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Switching highlights Juniper's Q4

New CEO Kheradpir has an efficiency plan in the works but company might want to stay the switching course for now

Juniper might want to think twice about fiddling with its switching business, as one activist investor advises. Switching was a highlight in Juniper's fourth quarter, 2013, results, having jumped 36% from last year and 35% from last quarter to $199 million, based on strong demand for both the EX and QFabric lines.

Juniper handily beat Wall Street revenue and earnings estimates in the quarter, and guided to a Q1, 2014, in-line with expectations, prompting the stock to rise close to 6% in after hours and pre-market trading.

Investor Elliott Management, which holds a 6.2% stake in Juniper, recently proposed that Juniper take a long hard look at its switching business based on the underwhelming acceptance of its uber-hyped QFabric data center switching system. QFabric has some popular top-of-rack 'nodes,' but as a full-blown, single-tier fabric architecture, it's been coolly received in the market.

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Once again, Juniper would not discuss during its Q4 conference call whether the QFabric success during the quarter was due implementation of the full architecture or just robust sales of the top-of-rack nodes. Executive Vice President Rami Rahim did note though that the EX 4300 top-of-rack, the EX 9200 core and the software-defined networking tie-ins with VMware or Juniper's Contrail are resonating with enterprises and service providers alike.

Elliott is also calling for Juniper to cut costs and return more money to shareholders, a demand echoed this week by another activist investor, Jana Partners. Jana announced yesterday that it had taken a large stake in Juniper and believes the company could save $300 million a year by streamlining operations.

Juniper is percolating a plan to do just that. New CEO Shaygan Kheradpir said the company in a few weeks will unveil its Integrated Operating Plan, which seeks to tailor the company's strategy to focus on "innovation that matters"; introduce a more efficient cost structure; and return capital to shareholders via share repurchases and dividends.

Kheradpir says he was attracted to Juniper based on its "iconic" and "pioneering" product line and positioning in networking, and its potential for leadership in "High IQ" networking and as a "cloud builder."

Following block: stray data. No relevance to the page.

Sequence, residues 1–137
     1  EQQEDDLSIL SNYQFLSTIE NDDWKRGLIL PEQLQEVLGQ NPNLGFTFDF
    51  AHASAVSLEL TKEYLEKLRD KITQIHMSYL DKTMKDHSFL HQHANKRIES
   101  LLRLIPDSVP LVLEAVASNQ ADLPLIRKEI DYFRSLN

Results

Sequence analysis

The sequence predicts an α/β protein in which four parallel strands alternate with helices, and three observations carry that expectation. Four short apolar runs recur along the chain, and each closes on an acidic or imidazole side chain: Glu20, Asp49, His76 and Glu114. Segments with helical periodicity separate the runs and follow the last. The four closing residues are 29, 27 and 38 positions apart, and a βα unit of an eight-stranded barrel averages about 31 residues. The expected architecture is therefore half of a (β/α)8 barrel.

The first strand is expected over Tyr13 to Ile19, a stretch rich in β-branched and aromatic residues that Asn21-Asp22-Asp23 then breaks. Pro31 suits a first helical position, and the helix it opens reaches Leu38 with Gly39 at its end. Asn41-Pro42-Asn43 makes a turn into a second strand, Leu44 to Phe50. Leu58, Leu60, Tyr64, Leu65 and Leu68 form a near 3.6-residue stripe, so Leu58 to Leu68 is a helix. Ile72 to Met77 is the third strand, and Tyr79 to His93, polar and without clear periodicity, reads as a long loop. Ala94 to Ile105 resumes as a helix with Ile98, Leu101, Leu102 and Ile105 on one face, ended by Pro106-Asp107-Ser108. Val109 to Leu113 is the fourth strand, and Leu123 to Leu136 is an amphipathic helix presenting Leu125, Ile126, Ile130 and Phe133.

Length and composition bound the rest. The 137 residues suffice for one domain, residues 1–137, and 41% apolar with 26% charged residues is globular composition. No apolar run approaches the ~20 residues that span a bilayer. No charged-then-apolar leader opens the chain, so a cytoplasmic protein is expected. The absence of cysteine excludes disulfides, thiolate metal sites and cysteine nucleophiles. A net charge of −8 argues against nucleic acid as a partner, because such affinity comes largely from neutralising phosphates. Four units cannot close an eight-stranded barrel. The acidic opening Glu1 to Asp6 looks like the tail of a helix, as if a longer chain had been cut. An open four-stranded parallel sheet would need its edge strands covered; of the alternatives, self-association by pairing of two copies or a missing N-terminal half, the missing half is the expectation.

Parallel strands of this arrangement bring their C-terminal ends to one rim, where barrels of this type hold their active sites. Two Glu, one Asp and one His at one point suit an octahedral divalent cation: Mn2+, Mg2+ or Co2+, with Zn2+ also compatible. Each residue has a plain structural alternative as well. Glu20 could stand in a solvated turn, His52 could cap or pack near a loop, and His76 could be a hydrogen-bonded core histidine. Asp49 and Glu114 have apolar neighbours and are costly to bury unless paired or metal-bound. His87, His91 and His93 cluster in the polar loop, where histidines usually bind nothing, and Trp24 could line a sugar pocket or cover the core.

But he also made it clear he won't stand pat or be complacent with the status quo.

"I'm here as an agent of change," Kheradpir said during the Q4 earnings call, "to lead Juniper through the changes required to reach its full potential."

Juniper's switching business may finally be realizing its full potential if Q4 is any indication. We'll see what befalls it when Kheradpir details the Integrated Operating Plan in three or four weeks.

Other highlights of Juniper's Q4 include a 17% hike in router product sales from last year and a 20% increase in bookings from Q3, based on strong demand for MX and PTX platforms. Security, typically a laggard for Juniper, increased 9% from Q3 but declined 16% for the full year.

Juniper's enterprise business also grew 11% from last year and 12% from Q3, while service provider grew 12% from last year and 5% from Q3. Over 50% of total revenue growth from service provider came from Web services, content and cable providers, while enterprise growth was driven by strength in the US.

In the quarter, Juniper cut 248 positions, or 2.5% of its workforce, in R&D and sales and marketing. Headcount now stands at 9,483.

UPDATE: Juniper's losing another Microsoft alum. Executive Vice President and Chief Customer Officer Gerri Elliott announced they she will retire later this year. She will work with CEO Kheradpir on a transition and then serve in the role of Executive Vice President and Strategic Advisor to the CEO for six months until her retirement.

Elliott joined Juniper in 2009 from Microsoft, where she had been Corporate Vice President of the Worldwide Public Sector organization, managing a staff of more than 2,000 in sales and marketing. She was also helped establish Microsoft's industry vertical sales sectors.

She follows fellow Microsoft alums Kevin Johnson, who retired as CEO at the end of 2013, and Bob Muglia, executive vice president of Juniper's Software Solutions Division, out the door as Juniper remakes its upper management team under Kheradpir.

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